The Inflation Reduction Act made a lot of headlines when it was enacted in August.
Most of those headlines were for its provisions related to climate change, but the new law also made significant changes to Medicare’s Part D prescription drug program.
The most significant near-term reforms are to the coverage gap, also known as the donut hole, in Part D.
First, let’s have a brief review.
Part D prescription drug coverage policies are issued by private insurers who determine the policy terms and premiums, subject to regulation and oversight by the Centers for Medicare and Medicaid Services (CMS).
A Part D policy has several layers of coverage.
In the first layer, you pay all prescription medicine costs until your spending reaches the deductible.
The deductible is determined by the insurer and in 2022 can range from $0 to $480.
Next is the coverage stage.
You pay a set amount for each covered prescription, which is either a fixed dollar amount per prescription or a fixed percentage of each prescription’s cost.
The amount might vary with the medication purchased. You’ll pay less for generic medications than for brand-name drugs.
The third stage is the coverage gap or doughnut hole.
In 2022, this kicks in after you and the insurer jointly spend $4,430 on prescriptions.
In the current version of the coverage gap, you pay no more than 25% of the cost of both brand-name and generic drugs.
Yet, almost the full cost of brand-name drugs counts as part of your out-of-pocket costs, though you’re only paying 25%.
The amount you actually pay out of pocket for generic drugs in this stage also counts toward your out-of-pocket expenses.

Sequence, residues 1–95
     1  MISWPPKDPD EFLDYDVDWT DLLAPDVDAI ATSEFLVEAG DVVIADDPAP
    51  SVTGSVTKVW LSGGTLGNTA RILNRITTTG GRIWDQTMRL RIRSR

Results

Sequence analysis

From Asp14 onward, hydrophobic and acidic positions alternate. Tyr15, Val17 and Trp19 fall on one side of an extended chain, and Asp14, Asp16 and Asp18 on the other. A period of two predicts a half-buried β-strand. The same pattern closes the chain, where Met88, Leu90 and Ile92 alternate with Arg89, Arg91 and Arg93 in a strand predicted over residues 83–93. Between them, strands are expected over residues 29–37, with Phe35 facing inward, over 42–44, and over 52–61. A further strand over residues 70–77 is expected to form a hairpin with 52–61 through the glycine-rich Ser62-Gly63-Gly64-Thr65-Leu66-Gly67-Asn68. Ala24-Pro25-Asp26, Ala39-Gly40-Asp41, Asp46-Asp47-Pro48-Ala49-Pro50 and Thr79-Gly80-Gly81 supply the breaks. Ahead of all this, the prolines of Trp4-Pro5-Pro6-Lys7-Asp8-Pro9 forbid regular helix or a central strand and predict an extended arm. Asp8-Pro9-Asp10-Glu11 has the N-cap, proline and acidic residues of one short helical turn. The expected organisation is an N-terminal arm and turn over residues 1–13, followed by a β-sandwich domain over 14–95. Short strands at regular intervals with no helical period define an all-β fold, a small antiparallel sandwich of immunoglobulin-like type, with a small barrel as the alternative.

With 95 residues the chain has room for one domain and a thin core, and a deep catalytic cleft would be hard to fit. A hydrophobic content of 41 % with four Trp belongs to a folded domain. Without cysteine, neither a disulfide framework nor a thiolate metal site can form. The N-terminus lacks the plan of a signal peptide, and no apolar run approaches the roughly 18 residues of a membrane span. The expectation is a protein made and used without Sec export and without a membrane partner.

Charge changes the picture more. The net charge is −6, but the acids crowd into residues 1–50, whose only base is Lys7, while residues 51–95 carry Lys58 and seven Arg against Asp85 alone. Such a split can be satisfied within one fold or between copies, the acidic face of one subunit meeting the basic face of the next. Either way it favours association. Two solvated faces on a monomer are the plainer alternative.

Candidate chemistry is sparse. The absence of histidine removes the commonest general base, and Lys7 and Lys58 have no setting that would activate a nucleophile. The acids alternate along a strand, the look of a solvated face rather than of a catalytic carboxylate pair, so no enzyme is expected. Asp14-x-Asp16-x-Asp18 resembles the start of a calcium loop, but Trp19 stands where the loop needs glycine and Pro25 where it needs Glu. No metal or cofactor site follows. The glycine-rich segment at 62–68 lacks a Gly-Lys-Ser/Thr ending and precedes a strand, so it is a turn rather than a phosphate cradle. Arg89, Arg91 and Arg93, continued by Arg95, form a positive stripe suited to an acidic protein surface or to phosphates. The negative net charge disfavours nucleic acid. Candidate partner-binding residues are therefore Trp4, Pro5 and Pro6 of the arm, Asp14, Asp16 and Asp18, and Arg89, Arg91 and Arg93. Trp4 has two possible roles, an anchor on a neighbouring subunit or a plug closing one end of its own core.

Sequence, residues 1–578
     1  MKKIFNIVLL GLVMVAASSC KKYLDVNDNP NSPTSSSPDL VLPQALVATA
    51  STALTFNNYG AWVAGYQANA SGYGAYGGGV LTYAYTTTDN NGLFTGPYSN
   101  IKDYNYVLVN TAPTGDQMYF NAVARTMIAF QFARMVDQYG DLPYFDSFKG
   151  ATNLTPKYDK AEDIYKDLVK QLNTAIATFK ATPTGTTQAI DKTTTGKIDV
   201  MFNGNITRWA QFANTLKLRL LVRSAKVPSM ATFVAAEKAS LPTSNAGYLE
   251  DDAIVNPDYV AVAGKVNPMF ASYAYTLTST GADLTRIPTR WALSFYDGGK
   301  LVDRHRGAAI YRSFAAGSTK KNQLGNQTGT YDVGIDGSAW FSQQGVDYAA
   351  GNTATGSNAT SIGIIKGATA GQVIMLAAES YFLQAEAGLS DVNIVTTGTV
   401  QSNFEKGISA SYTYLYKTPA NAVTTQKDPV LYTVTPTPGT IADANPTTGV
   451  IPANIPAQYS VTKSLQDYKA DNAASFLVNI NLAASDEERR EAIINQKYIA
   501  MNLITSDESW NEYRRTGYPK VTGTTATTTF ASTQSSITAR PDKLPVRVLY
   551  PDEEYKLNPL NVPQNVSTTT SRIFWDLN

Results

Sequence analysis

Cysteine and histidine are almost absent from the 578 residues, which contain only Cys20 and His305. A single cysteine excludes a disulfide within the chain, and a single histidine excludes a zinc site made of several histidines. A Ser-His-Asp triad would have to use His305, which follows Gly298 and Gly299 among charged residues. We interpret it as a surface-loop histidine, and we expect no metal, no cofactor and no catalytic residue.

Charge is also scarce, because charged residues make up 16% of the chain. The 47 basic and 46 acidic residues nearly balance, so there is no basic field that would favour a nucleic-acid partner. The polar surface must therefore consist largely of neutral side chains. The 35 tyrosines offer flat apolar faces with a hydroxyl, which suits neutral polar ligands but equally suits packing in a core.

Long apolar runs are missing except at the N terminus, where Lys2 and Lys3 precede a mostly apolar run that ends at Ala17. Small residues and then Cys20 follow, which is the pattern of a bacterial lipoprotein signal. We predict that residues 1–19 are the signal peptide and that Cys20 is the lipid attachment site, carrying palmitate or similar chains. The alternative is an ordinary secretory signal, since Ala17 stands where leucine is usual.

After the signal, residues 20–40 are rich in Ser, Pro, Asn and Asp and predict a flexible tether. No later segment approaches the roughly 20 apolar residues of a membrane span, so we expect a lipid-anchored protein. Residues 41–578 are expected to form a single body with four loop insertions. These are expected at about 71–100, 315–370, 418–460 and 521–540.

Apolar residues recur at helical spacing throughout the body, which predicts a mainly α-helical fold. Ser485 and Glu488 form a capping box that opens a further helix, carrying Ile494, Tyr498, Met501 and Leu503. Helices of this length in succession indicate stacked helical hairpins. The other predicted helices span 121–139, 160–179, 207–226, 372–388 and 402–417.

Also, you’ll pay no more than 25% of any dispensing fee charged for each prescription.
After you spent a total of $7,050 out-of-pocket for prescription drugs in 2022, you leave the coverage gap and enter the catastrophic coverage stage.
In this stage you pay no more than 5% of the cost of each prescription. But there’s no dollar limit on the amount you spend in this stage.
Someone who needs an expensive brand-name drug can spend thousands of dollars.
Under the Inflation Reduction Act, in 2024, after the catastrophic level is reached, the policyholder won’t have to pay the 5% coinsurance.
The insurer and Medicare pay all prescription drug costs above that level.
Then, in 2025 and later years, the Part D coverage terms change completely.
There’s a $2,000 cap on annual out-of-pocket spending for prescription drugs. The $2,000 limit is adjusted annually for inflation.
Remember, to qualify for the $2,000 out-of-pocket spending limit you must have a Part D policy. The Inflation Reduction Act makes other changes in Part D.
Most vaccines will be free to Medicare beneficiaries and there will be a $35 per month ceiling on insulin. Those provisions take effect for 2023.
Another change is that from 2024 to 2029 premium increases for Part D policies will be limited to no more than 6% per year.
Annual price increases for medications will be limited to the inflation rate. If a manufacturer has a higher price increase, it will have to rebate the excess to CMS.
You’re probably aware that the law also authorizes CMS to negotiate prices for select brand name drugs with the first negotiated prices taking effect in 2026.
The numbers of drugs subject to price negotiation will increase each year.
It will be interesting to see the effect these changes have on premiums for Part D policies and the availability of them. They also could increase the Part B premium.
I’ll cover more on this important topic in future editions of Retirement Watch Weekly.